Boudreau was heralded as the greatest thing since the interweb when he replaced Glen Hanlon in 2007. The Capitals were 6-14-1 before he got there and went 37-17-7 the rest of the way that season. They finished with no fewer than 107 points in each of his three full seasons as head coach. Although they were disappointing in the postseason, there is no doubt that Boudreau guided them to fantastic regular seasons and put his team in a position to win. Unfortunately for him, he began losing his influence over Alex Ovechkin and consequently the rest of the team this season. After a blistering start, the Capitals began looking really bad really quickly. While they’ve been without their best defenseman, Mike Green, for most of the season, this one injury can’t explain their truly awful play of late. The only reasonable conclusion that anyone can seem to come up with is that the team had grown disinterested, especially Ovechkin who seemed to take several shifts off per game. Since the Capitals sold their soul to Ovie when they gave him a 13-year contract four years ago, Alexander the Great basically runs the show and was destined to win any power struggle with Boudreau – or anyone else in the organization for that matter.
Boudreau is a good coach who probably deserved better from his best player. With more than nine years still left on his contract we will see just what Ovechkin is made of. Boudreau’s replacement, Dale Hunter, is arguably the best and most popular player in Washington’s history prior to Ovie. If Alex runs Hunter off as well then it will be undeniable where the real problem lies.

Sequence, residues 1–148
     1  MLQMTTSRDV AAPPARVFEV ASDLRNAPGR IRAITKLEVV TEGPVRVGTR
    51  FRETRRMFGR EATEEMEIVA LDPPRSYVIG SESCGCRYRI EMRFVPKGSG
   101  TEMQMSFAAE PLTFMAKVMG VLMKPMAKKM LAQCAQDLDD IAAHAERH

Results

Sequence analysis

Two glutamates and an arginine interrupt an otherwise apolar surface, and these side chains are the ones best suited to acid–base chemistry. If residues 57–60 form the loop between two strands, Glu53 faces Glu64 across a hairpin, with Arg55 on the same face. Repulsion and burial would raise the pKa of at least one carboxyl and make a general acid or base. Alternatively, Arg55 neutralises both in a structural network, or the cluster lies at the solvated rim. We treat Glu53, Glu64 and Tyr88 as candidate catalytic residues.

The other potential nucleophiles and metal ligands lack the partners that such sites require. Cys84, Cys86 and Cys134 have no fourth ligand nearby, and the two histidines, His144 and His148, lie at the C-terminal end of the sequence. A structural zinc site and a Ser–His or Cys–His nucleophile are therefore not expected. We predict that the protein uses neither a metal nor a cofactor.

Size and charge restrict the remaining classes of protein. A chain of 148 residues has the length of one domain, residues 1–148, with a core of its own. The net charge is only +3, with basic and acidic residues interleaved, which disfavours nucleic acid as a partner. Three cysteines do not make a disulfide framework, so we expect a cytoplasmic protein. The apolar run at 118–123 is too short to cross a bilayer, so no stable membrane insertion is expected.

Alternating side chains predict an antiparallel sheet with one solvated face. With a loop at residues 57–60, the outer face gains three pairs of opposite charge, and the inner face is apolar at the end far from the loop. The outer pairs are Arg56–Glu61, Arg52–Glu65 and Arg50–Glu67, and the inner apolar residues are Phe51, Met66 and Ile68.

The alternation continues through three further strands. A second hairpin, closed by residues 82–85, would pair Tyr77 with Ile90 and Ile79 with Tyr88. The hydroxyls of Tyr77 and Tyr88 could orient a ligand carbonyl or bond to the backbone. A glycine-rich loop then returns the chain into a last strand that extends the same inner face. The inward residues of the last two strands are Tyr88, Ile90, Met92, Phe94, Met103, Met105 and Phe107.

Maurice, on the other hand, was treading water with Carolina. His second stint with the franchise started with promise, as he took over the team in mid-season and led them to the conference finals, but it was pretty disappointing from there. The Hurricanes missed the playoffs the last two years. They had a chance to make it to the dance on the last day of the season last year when all they had to do was beat a Tampa Bay team that was locked into its seed and had nothing to play for. The end result: they laid a massive egg and were never even competitive in a 6-2 loss.
Perhaps if there were some rhyme or reason to Maurice’s choices one could forgive him for the end result. But he often seemed to both overcoach and undercoach at the same time. He juggled lines like Stu juggles alibis for loving this song
, often playing third line grinders big minutes, mixing and matching for no apparent reason, and seemingly never letting his players settle in and get comfortable with their linemates. He also gave his main goalie, Cam Ward, approximately 128% of the starts, rarely finding time to rest his most important player. And he wouldn’t give minutes to promising youngsters (Jeff Skinner excepted), favoring veterans on a team that should have been developing its core for the future.
Maurice deserved to go, Boudreau did not. Yet, both are now currently standing in breadlines, waiting for the charity man to dole out his goods before they 23 skidoo back to the Hooverville. I honestly don’t know why anyone would want to be an NHL coach. They’re all dead men walking and they always seem to have less time than coaches in other leagues. I suppose the only solace is that it should only be a matter of weeks before there’s another opening that they might fill.